It rained in Reno this afternoon, and Buddy Emmer was concerned there might also be inclement weather in South Lake Tahoe and that it would affect the turnout of Harrah’s Monday Night Summer Blues. But Emmer, the bandleader of the house band, didn’t consider three factors that will not dampen the spirits of free concertgoers.
- “They Call it Stormy Monday.” Every blues follower already knows that.
- The gig is indoors.
- Ron Hacker is the guest artist.
A San Francisco treat, the 69-year-old Hacker has been the Saturday night hero at the Saloon in North Beach practically since the neighborhood was a hangout for Beat poets Allen Ginsberg and Michael McClure.
Hacker’s debut at the weekly show at Harrah’s on April 1 was usurped due to health concerns. “The altitude got to me,” Hacker told Tahoe Onstage the next day. “I had a heart attack about seven years ago and my heart is a bit damaged and I just wasn’t getting enough air. But I’m OK now.”
Hacker vowed to return the next month and on May 20 he did just that. The show was photographed by Tahoe Onstage shooter Kurt Johnson.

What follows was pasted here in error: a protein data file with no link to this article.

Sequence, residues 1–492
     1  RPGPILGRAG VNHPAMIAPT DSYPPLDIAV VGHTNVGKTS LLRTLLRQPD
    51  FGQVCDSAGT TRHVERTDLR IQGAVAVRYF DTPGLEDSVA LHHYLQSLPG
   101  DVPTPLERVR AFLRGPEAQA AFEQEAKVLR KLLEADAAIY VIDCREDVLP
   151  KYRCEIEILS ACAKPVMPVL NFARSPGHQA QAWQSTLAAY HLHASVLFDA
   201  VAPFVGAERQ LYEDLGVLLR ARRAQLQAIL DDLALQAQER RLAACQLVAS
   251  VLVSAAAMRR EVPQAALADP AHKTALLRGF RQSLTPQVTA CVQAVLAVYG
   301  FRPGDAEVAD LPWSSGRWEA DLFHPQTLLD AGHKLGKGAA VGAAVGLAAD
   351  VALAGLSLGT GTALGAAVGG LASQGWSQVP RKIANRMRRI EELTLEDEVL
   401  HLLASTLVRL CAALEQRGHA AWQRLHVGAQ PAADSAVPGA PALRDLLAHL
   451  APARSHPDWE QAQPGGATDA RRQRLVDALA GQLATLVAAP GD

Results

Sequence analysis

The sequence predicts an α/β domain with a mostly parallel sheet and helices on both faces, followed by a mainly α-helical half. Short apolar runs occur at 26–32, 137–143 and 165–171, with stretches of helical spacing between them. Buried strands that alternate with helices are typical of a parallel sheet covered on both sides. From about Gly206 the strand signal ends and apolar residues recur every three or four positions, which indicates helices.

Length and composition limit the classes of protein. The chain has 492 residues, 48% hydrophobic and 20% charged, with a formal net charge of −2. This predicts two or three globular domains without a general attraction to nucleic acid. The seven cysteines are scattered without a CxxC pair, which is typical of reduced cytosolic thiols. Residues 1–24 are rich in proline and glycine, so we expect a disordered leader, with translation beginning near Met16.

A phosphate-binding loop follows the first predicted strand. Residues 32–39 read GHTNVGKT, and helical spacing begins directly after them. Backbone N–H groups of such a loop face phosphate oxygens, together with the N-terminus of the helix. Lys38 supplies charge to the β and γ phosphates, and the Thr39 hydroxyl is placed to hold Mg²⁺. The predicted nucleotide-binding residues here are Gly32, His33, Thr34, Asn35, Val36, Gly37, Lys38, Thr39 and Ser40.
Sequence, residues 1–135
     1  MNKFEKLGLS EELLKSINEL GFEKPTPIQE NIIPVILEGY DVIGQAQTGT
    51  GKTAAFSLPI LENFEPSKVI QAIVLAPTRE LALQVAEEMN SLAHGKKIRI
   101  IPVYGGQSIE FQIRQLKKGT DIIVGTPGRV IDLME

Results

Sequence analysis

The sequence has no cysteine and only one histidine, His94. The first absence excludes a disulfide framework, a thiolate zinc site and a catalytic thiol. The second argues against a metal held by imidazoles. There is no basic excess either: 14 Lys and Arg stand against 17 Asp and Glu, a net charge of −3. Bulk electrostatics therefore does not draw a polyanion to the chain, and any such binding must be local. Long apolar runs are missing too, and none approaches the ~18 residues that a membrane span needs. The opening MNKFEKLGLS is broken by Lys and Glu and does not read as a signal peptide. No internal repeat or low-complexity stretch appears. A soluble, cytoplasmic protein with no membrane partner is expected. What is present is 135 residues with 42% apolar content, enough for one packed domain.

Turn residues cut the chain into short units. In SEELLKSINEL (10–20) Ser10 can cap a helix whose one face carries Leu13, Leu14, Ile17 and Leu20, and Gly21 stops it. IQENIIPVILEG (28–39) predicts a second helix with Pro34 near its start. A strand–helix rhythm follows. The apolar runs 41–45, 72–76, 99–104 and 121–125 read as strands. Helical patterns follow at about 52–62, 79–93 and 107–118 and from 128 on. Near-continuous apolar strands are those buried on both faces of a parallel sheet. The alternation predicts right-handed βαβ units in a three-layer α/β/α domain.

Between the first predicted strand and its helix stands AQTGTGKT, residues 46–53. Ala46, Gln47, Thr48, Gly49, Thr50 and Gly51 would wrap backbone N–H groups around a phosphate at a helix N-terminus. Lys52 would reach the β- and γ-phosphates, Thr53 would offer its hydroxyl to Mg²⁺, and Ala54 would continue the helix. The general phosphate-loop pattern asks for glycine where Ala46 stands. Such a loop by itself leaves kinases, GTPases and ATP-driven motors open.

“Hacker’s songs start like a freight train you hear coming in the distance and it just builds and builds,” Johnson said. “With the low tone of Ron’s voice, he growls out the lyrics in a style all his own. His slide guitar technique that he uses on an old acoustic guitar is amazing to see and hear.”
“He channels the old-school guys,” Emmer said. “He’s not worried about trying to be a modern-day technical wizard. He’s really authentic.”
Hacker’s authenticity was once questioned by a Bay Area writer who said white men cannot play real blues because they don’t know about hardship. Hacker explicitly repudiated the writer in his autobiography, “White Trash Bluesman,” an entertaining and shocking page turner. Hacker’s graphicly detailed hardships started with his very first memory. Check out the book to learn about his singular tale of a lifetime of paying his dues to play blues. Music, in fact, is only mentioned in the last couple pages, almost as an afterthought.
Harrah’s weekly show moved on July 1 from Tuesdays to Mondays and attendance has surged.
“It’s been our best three weeks,” Emmer said. “People have been hanging out all night.”
The shows, which start at 8 p.m. and finish at midnight, open with a set by the Buddy Emmer Blues Band. A guest artist appears for the second and third sets. Emmer, a superb guitarist, improvises with the guest, who usually is a guitarist.
Harrah’s Monday Night Summer Blues
Where: Center Stage, casino floor
House band: Buddy Emmer Blues Band
Times: 8 p.m. to midnight
July 29 – Ron Hacker
Aug. 5 – Rich Maloon
Aug. 12 – Jeff Watson
Aug. 19—Rick Hammond
Aug. 26 – Maxx Cabello Jr.